Benefits of working at FCA
“I believe the benefits at FCA are excellent and the Agency places significant emphasis on being family-friendly. Work schedules are flexible, and the amount of family sick leave, personal sick leave, annual leave, and holiday leave provides great flexibility to balance work life and family life.
“In addition, FCA promotes continuing education both before and after you become a commissioned examiner. Probably the best aspect about working for FCA is the staff and team philosophy. There are always staff members available who are willing to help you succeed.
“Lastly, working for FCA, an independent Federal Government agency, provides the satisfaction of public service while helping fulfill the mission of the Farm Credit Administration.
“Overall, FCA has offered me a lot of great opportunities throughout my seven years with the Agency. About a year after becoming commissioned, I was selected to serve as a trainer on the Staff Development Division, training newly hired examiners. After serving two years as a trainer, I was then given the opportunity within FCA’s Market Risk Division to examine banks and large associations. Most recently, I was selected into FCA’s Credit Risk Specialist Program. Throughout all the transitions, I maintained examiner-in-charge responsibilities of one or more Farm Credit entities. The opportunities provided by FCA are endless if you have a passion for what you do. I believe I have found my career, not just a job.”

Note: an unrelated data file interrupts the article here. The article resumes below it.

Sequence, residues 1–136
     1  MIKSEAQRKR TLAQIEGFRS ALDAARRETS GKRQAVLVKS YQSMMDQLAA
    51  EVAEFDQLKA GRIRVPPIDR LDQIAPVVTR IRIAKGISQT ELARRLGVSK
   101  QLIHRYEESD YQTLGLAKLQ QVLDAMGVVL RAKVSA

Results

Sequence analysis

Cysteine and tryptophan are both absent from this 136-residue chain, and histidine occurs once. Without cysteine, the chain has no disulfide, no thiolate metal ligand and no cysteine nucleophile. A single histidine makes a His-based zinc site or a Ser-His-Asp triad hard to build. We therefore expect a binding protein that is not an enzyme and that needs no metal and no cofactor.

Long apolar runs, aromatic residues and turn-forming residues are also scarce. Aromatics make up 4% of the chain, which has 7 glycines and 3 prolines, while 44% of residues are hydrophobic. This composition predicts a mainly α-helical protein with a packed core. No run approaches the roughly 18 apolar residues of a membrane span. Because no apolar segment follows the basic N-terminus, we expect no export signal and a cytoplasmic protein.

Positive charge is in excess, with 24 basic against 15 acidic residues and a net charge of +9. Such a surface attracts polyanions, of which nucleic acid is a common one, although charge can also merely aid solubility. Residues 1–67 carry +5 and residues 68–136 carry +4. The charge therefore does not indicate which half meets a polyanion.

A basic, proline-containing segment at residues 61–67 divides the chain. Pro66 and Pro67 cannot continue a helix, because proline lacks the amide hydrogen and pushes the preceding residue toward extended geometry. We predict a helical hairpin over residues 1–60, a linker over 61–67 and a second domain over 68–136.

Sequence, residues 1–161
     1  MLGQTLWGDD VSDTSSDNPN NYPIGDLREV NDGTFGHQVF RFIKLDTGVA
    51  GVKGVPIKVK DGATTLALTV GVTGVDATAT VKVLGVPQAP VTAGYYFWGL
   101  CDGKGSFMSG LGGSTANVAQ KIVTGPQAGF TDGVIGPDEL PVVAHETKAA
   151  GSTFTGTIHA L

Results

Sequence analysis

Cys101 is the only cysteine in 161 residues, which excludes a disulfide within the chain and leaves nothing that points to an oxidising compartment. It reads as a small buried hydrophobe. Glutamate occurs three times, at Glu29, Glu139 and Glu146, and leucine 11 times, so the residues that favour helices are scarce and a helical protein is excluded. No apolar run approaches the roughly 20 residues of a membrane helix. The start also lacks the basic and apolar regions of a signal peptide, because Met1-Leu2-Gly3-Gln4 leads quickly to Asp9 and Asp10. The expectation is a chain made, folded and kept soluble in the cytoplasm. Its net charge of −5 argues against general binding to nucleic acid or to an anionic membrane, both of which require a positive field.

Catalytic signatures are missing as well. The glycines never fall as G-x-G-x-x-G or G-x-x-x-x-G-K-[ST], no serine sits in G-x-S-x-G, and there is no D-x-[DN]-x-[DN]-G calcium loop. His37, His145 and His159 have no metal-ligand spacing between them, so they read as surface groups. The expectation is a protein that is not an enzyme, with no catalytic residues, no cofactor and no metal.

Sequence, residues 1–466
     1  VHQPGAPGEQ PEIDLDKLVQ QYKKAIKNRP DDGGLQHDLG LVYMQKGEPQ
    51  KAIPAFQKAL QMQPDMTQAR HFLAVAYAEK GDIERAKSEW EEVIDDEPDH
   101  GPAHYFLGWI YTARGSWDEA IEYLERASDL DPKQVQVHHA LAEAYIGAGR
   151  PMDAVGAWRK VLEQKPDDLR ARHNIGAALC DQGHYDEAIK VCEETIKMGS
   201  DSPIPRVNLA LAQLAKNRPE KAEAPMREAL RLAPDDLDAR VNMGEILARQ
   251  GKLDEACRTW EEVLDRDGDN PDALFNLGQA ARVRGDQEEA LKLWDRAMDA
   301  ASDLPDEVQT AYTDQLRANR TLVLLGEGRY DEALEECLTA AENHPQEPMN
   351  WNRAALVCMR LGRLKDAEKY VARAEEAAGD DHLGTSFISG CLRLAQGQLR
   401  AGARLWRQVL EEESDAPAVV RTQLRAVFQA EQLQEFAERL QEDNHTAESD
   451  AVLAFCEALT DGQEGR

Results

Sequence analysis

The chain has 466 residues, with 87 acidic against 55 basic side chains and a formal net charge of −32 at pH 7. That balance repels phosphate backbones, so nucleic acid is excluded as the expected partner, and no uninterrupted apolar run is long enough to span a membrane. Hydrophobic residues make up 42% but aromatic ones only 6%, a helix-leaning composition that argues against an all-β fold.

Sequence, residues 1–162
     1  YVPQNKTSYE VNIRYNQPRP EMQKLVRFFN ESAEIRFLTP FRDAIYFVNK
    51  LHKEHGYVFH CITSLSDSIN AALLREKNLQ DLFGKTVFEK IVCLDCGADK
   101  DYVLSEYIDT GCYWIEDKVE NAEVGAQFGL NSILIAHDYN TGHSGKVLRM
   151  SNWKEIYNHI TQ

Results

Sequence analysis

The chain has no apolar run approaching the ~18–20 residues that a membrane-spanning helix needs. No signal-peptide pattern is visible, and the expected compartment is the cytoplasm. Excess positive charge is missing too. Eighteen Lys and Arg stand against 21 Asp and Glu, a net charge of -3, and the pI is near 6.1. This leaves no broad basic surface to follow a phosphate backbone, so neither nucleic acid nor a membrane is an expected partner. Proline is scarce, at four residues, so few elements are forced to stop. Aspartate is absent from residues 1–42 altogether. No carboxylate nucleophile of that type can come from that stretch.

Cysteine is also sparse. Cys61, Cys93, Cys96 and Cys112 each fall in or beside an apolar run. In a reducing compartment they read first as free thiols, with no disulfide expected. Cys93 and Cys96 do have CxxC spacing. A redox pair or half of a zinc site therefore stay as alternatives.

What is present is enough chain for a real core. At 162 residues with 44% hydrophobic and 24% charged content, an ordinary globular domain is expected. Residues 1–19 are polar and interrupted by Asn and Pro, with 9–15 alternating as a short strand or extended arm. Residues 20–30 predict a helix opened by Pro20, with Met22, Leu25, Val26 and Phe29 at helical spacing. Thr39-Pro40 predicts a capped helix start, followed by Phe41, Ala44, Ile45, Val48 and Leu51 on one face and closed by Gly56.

Morgan Littleton, Associate Examiner, McLean
"I was surprised at the world of opportunity here. I’ve had conversations with people who’ve been here quite a few years and they say the training and classes never stop. The sky’s the limit for an examiner."
“I’m one of the few people who didn’t get introduced to FCA at a career fair. I was unfamiliar with the agency when I saw the ad on USAJOBS, but everything about the position fit the bill so I applied.
“Some of my college professors were involved in the banking industry, and they got me interested in finance, accounting, and auditing. I like getting behind the numbers. I had one professor who was never satisfied with the surface answer, who told us to always dig deeper. I think that background has been a good match for this job. We’re also taught at FCA to dig deeper.”